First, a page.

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By Brian Keepers

We were trying to have a serious conversation, but she kept interrupting us. A little girl—maybe two or three years old. We made the mistake of picking the table in the coffee shop close to the corner with kids’ toys. This little girl would play for a bit, and then come over and pester us.

It was difficult to be too irritated—that precious smile and sweet little voice. Still, it was hard to get our work done. Then her mother came over and apologized for her daughter disrupting our meeting. Before they left, the little girl went to the toy shelf, picked something in each hand, shuffled over to our table and sat a toy fire truck in front of my friend. She sat a toy motorcycle in front of me. She stood there, smiling at both of us as if she knew something we didn’t, and then toddled away grasping her mother’s hand.

My friend and I looked at the toy in front of each of us, then looked at each other and just laughed.

When Jesus sat a child on his lap and insisted that if anyone wants to enter the kingdom of God they must become like one of these, I wonder if one of the things he had in mind was that we must rediscover a childlike capacity to play.

In his thought-provoking book Play: How it Shapes the Brain, Opens the Imagination, and Invigorates the Soul, psychologist Stuart Brown talks about just how essential play is for adults as well as children. He writes:

“Life without play is a grinding, mechanical existence organized around doing the things necessary for survival. Play is the stick that stirs the drink. It is the basis of all art, games, books, sports, movies, fashion, fun and wonder—in short, the basis of what we think of as civilization. Play is the vital essence of life. It is what makes life lively…. Is it any wonder that often the times we feel most alive, those that make up our best memories, are moments of play?” (pp.11-12).

Brown’s book is insightful on many accounts, but this key notion that “play is the vital essence of life” is not some new discovery thanks to the disciplines of psychology and neuroscience. We learn this right away in the opening pages of the Bible.

In the first chapter of Genesis we see that God is a playful Creator! Even as God goes about his work, God plays and delights with childlike wonder in the goodness of creation. To be created in the image of God means that all of us have an innate capacity to play and a need for play. G.K. Chesterton was on to something when he famously quipped: “Perhaps God has the eternal appetite for infancy; for we have sinned and grown old, and our Father is younger than we!”

It’s not just in the Old Testament that we see God’s playfulness. We see it in the New Testament as well, when God becomes flesh in the person of Jesus. Most often we depict Jesus as a serious man who was all business. A man praying, teaching, healing, casting out demons. A man who was on a mission from his Father, and he carried it out with a no-nonsense determination.

And all of these pictures are true. But they are not the complete picture. What’s missing is a man who, revealing the very heart of the playful God of the Universe, was filled with joy and liked to play. Jesus laughing. Jesus telling a good joke and delivering the punch line right on cue. Jesus teaching about the kingdom of God with imaginative stories called parables. Jesus gathering people around him and having a good time, turning water into wine, multiplying fishes and loaves, delighting in good company.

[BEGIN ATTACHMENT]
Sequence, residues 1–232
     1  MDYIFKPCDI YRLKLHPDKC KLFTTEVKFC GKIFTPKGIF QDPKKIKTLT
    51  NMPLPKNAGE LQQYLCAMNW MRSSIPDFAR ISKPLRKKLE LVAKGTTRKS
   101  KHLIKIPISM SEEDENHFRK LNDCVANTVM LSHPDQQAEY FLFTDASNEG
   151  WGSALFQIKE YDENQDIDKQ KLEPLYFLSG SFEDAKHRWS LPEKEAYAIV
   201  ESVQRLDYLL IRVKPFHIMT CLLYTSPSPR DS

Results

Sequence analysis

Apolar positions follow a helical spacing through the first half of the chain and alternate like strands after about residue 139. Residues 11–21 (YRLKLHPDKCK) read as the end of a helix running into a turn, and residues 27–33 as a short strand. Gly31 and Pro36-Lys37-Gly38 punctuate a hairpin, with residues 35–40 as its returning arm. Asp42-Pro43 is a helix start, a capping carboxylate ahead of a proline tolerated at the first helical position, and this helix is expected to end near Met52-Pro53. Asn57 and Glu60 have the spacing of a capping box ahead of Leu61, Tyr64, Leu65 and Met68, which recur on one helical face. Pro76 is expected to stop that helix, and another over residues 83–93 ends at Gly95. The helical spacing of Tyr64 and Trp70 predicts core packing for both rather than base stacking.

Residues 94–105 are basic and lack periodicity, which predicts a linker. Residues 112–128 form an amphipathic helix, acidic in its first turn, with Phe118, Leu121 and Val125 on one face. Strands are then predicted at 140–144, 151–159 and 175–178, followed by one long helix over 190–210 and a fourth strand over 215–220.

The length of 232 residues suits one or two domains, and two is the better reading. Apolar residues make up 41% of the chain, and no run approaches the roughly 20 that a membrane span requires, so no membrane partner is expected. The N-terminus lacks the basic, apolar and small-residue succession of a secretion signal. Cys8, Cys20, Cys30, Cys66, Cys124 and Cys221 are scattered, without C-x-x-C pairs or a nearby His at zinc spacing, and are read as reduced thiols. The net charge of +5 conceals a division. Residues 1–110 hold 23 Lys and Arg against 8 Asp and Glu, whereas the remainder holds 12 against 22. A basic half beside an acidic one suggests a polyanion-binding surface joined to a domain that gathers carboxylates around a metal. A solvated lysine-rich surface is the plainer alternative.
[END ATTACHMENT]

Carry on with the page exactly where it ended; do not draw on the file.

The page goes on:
“Where is the Life we have lost in living?” asked the poet T.S. Elliot. In our many tasks and constant seriousness, we’ve taken the life out of living and made it dull. Rediscovering playfulness, a playfulness that ultimately only comes in union with Christ, puts the life back in living. No wonder we call it recreation. That’s what the Spirit does with play at its best: re-creates, revives, renews.

The great 20th century theologian Karl Barth put it this way: “Humor means the placing of a big bracket around the seriousness of the present.” He goes on: “Like art, humor undoubtedly means that we do not take the present with ultimate seriousness, not because it is not serious enough in itself, but because God’s future, which breaks into the present, is more serious.”*

Playfulness, humor and recreation can be an escape from pain and a way of avoiding the seriousness of the present. That’s true. But when taken in proper perspective, like Barth says, it can be the key to not taking ourselves too seriously. Instead, we take God seriously. We trust that God is God, and that God is working all things together according to his good purposes, and so we can bracket our own seriousness and laugh. Jesus Christ is Lord. Your future and my future, the world’s future, is secure. In this way, play is also subversive because it hints at this hopeful future that comes to meet us here and now.

As we begin 2018 and there remains so much in our nation and world that is scary and uncertain, I realize what a gift it was to be interrupted by that little girl a few weeks ago in the coffee shop. I realize how much I need a theology of play in my own life and ministry, even as I go about the serious work of bearing witness to the Light in a dark and broken world. Maybe you do too.

So how about it? When’s the last time you laughed, took a break from your work, and just played? If you’ve forgotten how, find a child or let a child find you. I bet they can help you remember.

*Quoted by John Bernstsen.  Cross-Shaped Leadership (The Alban Institute, 2008), p.105.

Brian Keepers is the lead pastor of Trinity Reformed Church in Orange City, Iowa.

Brian Keepers

Brian Keepers is the lead pastor of Trinity Reformed Church in Orange City, Iowa.

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